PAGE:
Ryan Estis – CEO | Keynote Speaker | Sales & Leadership
I walked into the restaurant 5 minutes early for our 6:30 p.m. reservation. He was waiting to greet me by the bar. He was always 5 minutes early.
This one was just one of the many habits this extraordinary man gifted to me. Working for him was a life-changing experience, and many of the lessons I learned from him are foundational principles I still practice today.
The best leaders are acutely aware of the impact they have on people and recognize that leadership is about helping people become their very best. Leadership isn’t a job. Leadership is a responsibility.
What makes a leader extraordinary? Here are the leadership lessons from the best boss I ever had.
Always Have a Vision
My boss was always thinking about the future. He could clearly articulate where we were going and how we were going to get there. His confidence and optimism about our future success were contagious. I would constantly leverage his vision as a source of inspiration for our sales organization. I still miss his Good News Friday weekly update.
Be Present With Your Presence
He put in the work. Trade shows. Client presentations. Office visits. His impact was felt daily throughout the organization, and he was always willing to give more. A phone call to an employee who delivered a big win for a customer or our team. A handwritten note to welcome a new client. A lunch and learn with the team during an office visit. He cared about the culture of the organization he was leading, and he worked tirelessly to continue making it our competitive advantage.
Position People for Spectacular Success
I always felt like my boss was committed to helping me reach my true potential. He would work with me to eliminate barriers that might inhibit our success. He created opportunities for me to contribute more to the business. I felt empowered in my work. He was generous with recognition when it was warranted. There was an incredible sense of pride and belonging in our organization among the top performers.
Invest in Your People
He was a catalyst for my continued learning and development. What he couldn't offer, he encouraged me to seek out on my own. He was always interested in my future, and he made sure we were in alignment with support of my goals. He is one of the best listeners I have ever known, but he didn't stop there. He would follow up and follow through. He never made promises he didn't keep and the conversations that led to commitment were always supported by action. Always.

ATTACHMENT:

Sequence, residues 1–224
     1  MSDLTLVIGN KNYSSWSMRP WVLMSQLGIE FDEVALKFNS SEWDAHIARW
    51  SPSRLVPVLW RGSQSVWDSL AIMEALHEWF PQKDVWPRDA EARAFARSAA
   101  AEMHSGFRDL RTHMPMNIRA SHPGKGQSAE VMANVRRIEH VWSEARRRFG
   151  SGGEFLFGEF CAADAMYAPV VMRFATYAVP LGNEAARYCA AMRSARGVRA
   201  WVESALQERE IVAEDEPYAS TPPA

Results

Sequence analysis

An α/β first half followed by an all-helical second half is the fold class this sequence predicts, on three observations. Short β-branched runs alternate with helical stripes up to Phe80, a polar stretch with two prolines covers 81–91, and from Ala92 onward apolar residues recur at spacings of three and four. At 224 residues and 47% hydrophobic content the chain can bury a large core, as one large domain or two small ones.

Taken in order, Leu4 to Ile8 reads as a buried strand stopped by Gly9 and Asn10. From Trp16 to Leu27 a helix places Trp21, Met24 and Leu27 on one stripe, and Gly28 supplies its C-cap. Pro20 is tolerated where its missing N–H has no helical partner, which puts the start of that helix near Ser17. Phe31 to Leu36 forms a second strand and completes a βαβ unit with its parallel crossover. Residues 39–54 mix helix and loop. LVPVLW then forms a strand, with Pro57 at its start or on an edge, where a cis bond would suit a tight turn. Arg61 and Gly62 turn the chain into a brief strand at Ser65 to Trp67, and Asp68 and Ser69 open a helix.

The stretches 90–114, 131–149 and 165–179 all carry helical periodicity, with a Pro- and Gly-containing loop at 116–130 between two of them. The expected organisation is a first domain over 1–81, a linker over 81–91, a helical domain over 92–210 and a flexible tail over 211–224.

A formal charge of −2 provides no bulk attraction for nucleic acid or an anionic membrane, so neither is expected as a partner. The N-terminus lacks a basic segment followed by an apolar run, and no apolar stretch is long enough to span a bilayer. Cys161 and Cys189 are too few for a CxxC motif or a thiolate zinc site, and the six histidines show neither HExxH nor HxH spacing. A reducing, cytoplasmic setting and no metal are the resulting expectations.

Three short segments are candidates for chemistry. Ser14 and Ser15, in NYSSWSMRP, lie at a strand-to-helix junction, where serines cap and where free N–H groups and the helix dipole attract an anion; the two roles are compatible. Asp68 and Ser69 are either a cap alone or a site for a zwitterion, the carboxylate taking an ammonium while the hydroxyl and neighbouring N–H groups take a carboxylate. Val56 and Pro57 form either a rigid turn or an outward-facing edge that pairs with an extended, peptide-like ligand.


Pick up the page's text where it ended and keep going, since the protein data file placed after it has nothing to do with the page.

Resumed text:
Develop Authentic Friendships
His investment in me went way beyond the office. It was clear that he cared about me as a person. I will never forget the time he invited me to spend Thanksgiving with his family. The friendship transcended business and served to reinforce my commitment to him. How do you think I responded if he needed a little extra from me to close out the quarter?
Hold People Accountable for Underperformance
Our friendship never interfered with the obligation to the business. He was very clear in his performance expectations and candidly, consistently evaluated my contributions. His clarity meant that I always knew exactly what was expected of me. If I couldn't deliver my sales number, he was obligated to find a sales executive with the talent to hit the performance target. That wasn't personal. That was the job and I respected that deeply. I also didn't miss that number.
Respect Conflicting Opinions
We didn't always agree, but I always felt that he was open to my perspective. As I matured in my role, I would confidently express my opinion. Occasionally I could be aggressive in taking an opposing view on critical business decisions. I think he enjoyed the debate and defending his own position with conviction. It was also clear that he wanted my full commitment to the final decision, even if I didn’t win the argument.
Admit When You're Wrong
His unique blend of confidence and humility brought him support in times of adversity and challenge. He made mistakes. We all do. He could admit when he was wrong. Being open about our missteps was critical to correcting them and building a better business over the long term. We'd all make them and learn and grow together as a result. He was a truly collaborative leader.
Go All In
He led by example, and it was abundantly clear to everyone that the business was his life's work. His commitment to success was less about him and very much about creating something unique, special and sustainable for the people who were investing their time and talent into the organization. Yes, he wanted to win. I believe he wanted to win more in the service of others than for what it meant to him personally. His selfless approach to leadership earned an incredibly loyal following and is the primary reason I stayed with the organization for much longer than I had ever planned. I wanted to work for him.
May we all lead with that kind of impact.
Ryan Estis has more than 20 years of experience as a top-performing sales professional and leader. As the former chief strategy officer for the McCann Worldgroup advertising agency NAS, he brings a fresh perspective to business events. As a keynote speaker, Ryan is known for his innovative ideas on leading change, improving sales effectiveness and preparing for the future of work. To book Ryan Estis for your event, visit https://premierespeakers.com/ryan-estis